How Hard It Really Is: A Short, Honest Book About Depression


Hello lovely friends! After a year and a half of painstaking work, my book on fighting depression is here. It’s called: How How Hard It Really Is: A Short, Honest Book About Depression.

The book covers:
• The science behind depression
• The helpful (and unhelpful) dialogue around mental illness
• The debate between seeing it as a choice or disease
• Stories of survivors
• A secret culture of suicide worship
• An interview with a depressed doctor
• The problem with finding a “cure”
• My own attempt at suicide
• A myriad of voices from nearly two-hundred surveys conducted over a year

The paperback is here. The ebook is here.

For my video on depression, check here: https://www.youtube.com/watch?v=xggg6xFObIE

Be blessed and love y’all, friends. A reminder that if you’re in a dark place, I hope you’ll reach out. You are truly more loved than you know. 
— J.S.


Holding On or Letting Go: The One Friend I Want to Help, But Can’t Anymore.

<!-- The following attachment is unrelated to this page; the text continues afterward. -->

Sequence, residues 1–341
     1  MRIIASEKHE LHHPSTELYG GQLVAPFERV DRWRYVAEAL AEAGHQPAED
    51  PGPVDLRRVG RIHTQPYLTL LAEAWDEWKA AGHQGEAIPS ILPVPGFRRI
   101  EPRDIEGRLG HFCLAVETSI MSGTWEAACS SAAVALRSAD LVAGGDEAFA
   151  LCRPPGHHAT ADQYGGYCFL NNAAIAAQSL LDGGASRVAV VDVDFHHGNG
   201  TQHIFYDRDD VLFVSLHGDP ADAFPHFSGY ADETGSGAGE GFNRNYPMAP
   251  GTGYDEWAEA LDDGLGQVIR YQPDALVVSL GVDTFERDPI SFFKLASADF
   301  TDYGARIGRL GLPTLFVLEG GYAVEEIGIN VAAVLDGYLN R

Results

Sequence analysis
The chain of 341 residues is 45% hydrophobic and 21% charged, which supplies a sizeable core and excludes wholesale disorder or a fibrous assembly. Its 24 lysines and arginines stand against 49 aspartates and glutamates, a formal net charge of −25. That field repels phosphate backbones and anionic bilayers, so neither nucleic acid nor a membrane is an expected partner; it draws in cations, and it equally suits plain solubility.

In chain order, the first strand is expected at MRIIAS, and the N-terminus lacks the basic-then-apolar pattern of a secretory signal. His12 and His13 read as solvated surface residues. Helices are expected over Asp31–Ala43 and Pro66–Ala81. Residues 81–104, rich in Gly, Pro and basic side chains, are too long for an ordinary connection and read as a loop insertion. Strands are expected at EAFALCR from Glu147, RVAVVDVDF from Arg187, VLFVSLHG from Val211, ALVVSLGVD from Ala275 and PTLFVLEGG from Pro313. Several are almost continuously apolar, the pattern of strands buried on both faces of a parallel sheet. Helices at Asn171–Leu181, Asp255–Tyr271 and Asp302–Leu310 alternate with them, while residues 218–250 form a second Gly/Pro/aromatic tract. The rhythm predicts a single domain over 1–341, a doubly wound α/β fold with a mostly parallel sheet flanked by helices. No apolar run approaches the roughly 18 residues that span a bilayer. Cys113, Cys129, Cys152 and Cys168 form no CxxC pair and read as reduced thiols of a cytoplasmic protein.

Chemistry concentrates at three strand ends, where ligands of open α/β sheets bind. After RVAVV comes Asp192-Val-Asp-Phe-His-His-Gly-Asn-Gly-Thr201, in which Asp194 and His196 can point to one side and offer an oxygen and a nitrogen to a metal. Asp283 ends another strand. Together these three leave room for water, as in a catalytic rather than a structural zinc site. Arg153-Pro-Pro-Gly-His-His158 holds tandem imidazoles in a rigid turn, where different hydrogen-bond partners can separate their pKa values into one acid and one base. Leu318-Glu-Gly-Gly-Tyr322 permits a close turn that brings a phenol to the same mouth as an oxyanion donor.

Anonymous asked a question:

For a while now, my best friend has been struggling with depression, self-harm and suicidal thoughts. I am the only one that knows this. She takes a lot of her issues out on me … But I can’t take the emotional abuse anymore. It’s an unhealthy relationship that has stopped being a friendship.

I have been asking God what to do. I have sat with her in her mess. In her screaming. In her crying. In her hopelessness. I have tried to give advice. I have prayed for her. I have been patient and worried and angry all at once. I have been bitter because everyone else gets to experience the side of her that I used to know, the happy, loving girl that puts on a mask to hide her pain.

I have decided to tell her that I can’t be the person she needs me to be for her. That she needs to seek professional help. This is going to be a really hard conversation … If you have any advice, I’d love to hear it.

Thank you so much for your honesty and for reaching out to me. I’m also very sorry about the heartache that you’re experiencing; I absolutely know how hard it is to decide between holding on and letting go.